Politics & Policy

Not Too Swift

“Swift boat’ has become the synonym for the nastiest of campaign smears,” the New York Times declared recently. The Times’s assessment — in a front-page news story, mind you, not in an editorial — has become the conventional wisdom of the 2008 presidential race. And indeed, references to “swift boating” are everywhere. “Instead of the word ‘demonizing,’ we could use the words ‘swift boating,’ ” CNN’s Wolf Blitzer said the other day during an interview with a Republican and a Democratic strategist. “Will Republicans go ahead and try to swift boat Barack Obama?”

#ad#Well, we all know the answer to that, don’t we? In much of the media, as in the Democratic party’s talking points, “swift boating” has come to be defined not only as a smear but as any criticism of Barack Obama. But before the phrase slips irretrievably into the general usage, can we take one moment to remember how this all got started?

The organization Swift Boat Veterans for Truth emerged just four years ago, in the 2004 presidential campaign. It was founded by a group of former Navy officers who served alongside Sen. John Kerry in Vietnam. They were with him in that place, at that time. They were in a position to know about Kerry and his actions in Vietnam. Based on what they had personally witnessed, they questioned Kerry’s version of his service.

For example, you might remember that Kerry claimed to have been in Cambodia in Christmas 1968, a memory which he said was “seared — seared — in me.” The Swift Boat vets made a very convincing case that this never happened. They also raised doubts about the wound that resulted in the first of Kerry’s three Purple Hearts, a wound the doctor who treated Kerry described as a shrapnel scratch so minor that it was treated with a Band-Aid. The Swifties also cast an engagement in which Kerry won the Bronze Star in decidedly less heroic fashion than the Kerry campaign.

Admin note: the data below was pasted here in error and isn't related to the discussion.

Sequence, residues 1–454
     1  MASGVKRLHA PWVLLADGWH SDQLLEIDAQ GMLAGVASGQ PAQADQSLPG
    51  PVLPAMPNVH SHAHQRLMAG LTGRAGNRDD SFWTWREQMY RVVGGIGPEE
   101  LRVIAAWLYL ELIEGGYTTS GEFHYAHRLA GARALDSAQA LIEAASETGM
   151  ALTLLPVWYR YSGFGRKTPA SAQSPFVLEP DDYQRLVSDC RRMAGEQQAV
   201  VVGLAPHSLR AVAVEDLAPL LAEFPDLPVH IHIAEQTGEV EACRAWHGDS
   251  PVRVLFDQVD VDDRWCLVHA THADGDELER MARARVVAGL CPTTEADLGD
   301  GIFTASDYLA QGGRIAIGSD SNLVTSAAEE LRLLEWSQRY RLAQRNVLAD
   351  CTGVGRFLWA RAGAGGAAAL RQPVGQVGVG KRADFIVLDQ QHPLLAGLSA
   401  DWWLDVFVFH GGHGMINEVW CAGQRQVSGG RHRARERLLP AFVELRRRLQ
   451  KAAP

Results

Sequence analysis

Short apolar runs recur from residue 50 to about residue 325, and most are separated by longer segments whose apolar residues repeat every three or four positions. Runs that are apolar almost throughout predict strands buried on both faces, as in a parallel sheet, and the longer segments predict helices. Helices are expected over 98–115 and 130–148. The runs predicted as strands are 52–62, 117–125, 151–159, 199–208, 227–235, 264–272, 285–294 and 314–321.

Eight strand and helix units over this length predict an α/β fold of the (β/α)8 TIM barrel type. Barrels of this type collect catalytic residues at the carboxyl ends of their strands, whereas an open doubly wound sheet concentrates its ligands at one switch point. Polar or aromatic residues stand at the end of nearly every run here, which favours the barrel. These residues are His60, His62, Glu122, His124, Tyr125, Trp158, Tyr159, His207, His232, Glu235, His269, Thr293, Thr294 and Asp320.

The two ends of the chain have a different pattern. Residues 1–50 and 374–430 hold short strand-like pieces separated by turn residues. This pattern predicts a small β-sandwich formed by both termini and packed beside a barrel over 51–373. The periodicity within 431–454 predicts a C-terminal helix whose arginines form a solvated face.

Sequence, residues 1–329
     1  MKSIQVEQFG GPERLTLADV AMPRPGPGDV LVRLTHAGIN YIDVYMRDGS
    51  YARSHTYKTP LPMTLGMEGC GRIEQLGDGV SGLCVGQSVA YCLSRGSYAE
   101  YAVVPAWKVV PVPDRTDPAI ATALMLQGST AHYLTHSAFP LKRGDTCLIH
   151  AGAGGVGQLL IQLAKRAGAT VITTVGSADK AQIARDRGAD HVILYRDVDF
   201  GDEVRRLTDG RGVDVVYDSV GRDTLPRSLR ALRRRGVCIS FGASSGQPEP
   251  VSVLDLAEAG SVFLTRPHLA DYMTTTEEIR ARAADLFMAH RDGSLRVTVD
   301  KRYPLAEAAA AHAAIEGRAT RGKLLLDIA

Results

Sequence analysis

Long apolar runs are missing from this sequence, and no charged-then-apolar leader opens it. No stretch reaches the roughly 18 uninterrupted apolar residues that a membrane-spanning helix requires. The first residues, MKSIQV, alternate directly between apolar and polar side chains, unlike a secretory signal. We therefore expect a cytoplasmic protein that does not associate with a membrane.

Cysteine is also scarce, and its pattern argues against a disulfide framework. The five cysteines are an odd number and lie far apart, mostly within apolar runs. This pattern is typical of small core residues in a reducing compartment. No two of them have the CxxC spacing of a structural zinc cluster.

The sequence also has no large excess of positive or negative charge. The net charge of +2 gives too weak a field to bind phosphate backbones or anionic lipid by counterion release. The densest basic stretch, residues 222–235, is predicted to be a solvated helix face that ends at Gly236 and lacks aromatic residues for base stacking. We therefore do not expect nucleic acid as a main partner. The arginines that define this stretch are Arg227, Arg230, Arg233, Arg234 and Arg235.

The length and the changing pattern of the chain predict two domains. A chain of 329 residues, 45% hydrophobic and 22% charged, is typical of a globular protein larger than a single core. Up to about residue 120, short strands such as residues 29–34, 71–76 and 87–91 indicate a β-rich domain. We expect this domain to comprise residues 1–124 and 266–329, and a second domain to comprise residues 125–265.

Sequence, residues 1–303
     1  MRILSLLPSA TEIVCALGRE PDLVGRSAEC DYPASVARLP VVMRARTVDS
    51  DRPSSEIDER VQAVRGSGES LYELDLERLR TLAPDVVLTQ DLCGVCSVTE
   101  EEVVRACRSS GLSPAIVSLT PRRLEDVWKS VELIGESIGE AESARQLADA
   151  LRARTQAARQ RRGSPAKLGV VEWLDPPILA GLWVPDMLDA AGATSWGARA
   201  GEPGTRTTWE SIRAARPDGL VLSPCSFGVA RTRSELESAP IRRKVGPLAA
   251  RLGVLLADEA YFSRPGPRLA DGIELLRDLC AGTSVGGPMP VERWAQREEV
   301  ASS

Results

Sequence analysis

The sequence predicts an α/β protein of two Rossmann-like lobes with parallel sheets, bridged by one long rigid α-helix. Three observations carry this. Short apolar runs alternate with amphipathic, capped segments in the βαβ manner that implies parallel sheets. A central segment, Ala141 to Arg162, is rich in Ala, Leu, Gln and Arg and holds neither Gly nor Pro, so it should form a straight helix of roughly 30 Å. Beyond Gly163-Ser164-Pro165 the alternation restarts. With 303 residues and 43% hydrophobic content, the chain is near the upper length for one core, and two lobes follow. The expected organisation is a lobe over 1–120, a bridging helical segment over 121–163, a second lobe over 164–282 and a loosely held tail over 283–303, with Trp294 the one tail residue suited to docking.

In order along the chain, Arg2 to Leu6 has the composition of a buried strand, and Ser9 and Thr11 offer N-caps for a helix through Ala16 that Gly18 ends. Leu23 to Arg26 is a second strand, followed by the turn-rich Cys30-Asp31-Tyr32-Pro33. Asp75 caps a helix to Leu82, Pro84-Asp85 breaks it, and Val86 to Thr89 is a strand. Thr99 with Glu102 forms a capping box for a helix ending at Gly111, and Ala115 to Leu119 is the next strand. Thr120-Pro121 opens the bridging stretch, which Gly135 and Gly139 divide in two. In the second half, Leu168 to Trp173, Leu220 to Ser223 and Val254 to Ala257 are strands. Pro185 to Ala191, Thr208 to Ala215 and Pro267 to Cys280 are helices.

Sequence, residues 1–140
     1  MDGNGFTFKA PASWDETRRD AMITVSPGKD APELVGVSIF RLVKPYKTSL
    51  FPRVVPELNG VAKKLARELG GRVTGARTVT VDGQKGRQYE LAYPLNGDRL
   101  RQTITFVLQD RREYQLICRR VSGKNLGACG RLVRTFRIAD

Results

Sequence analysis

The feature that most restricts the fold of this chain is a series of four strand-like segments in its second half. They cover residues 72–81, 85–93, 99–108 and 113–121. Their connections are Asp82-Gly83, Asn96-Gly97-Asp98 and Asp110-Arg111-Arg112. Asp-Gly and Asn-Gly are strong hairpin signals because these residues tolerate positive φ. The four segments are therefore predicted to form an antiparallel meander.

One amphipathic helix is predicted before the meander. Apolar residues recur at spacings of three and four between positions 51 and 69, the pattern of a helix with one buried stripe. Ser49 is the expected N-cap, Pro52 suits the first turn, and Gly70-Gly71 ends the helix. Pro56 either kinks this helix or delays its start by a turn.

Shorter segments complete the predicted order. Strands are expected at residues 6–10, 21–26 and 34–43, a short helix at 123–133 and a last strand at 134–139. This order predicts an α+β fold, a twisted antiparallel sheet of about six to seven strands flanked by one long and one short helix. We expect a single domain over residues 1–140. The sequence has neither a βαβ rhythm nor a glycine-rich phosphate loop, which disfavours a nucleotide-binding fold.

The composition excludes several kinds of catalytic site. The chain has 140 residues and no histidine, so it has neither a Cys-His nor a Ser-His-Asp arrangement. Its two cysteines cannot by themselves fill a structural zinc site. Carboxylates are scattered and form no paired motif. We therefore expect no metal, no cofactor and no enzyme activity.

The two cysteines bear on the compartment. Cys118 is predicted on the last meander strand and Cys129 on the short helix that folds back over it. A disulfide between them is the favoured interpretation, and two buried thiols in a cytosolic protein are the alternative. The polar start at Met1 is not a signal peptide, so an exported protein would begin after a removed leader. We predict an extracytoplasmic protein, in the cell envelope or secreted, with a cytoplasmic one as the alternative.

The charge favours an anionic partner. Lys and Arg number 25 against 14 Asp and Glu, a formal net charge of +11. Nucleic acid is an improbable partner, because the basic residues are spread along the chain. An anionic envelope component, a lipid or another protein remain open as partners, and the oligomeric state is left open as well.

More than that, the Swift Boat vets were appalled and angry over what Kerry said when he returned home from Vietnam. This was the Kerry who told the Senate in 1971 of American servicemen who “raped, cut off ears, cut off heads, taped wires from portable telephones to human genitals and turned up the power, cut off limbs, blown up bodies, randomly shot at civilians, razed villages in a fashion reminiscent of Genghis Khan. . . . ” As officers who had served side-by-side with Kerry in Vietnam, the Swift Boat vets were personally insulted by what they maintained were outrageous lies from John Kerry.

So they spoke out, and they did serious damage to Kerry’s campaign. Now, not everything they said, based on their 35-year-old memories, checked out; for example, their criticism of Kerry’s actions in winning his second Purple Heart, as well as in winning the Silver Star, were less than persuasive. But the Swifties were honorable men, defending both their own honor and that of the U.S. military they had served. Given that they had extensive personal knowledge of Kerry’s service, it was entirely proper that their criticisms be heard.

But now, what they did has become synonymous with “smear.” Kerry’s big mistake, the conventional wisdom goes, was not in embellishing his record, nor in slandering the United States military, but in failing to push back quickly against the Swift boat “smear.” The lesson: Hit back hard and fast. So Barack Obama vows he won’t be swift boated.

And he won’t — at least not unless several close associates from his past, relying on personal, firsthand knowledge, get together to criticize his behavior at some key point in his life. Were that to happen, the swift-boat analogy might be apt. But otherwise, when it comes to the run-of-the-mill, day-to-day attacks that presidential campaigns launch at one another, can we please dispense with the s-word?

The Editors comprise the senior editorial staff of the National Review magazine and website.

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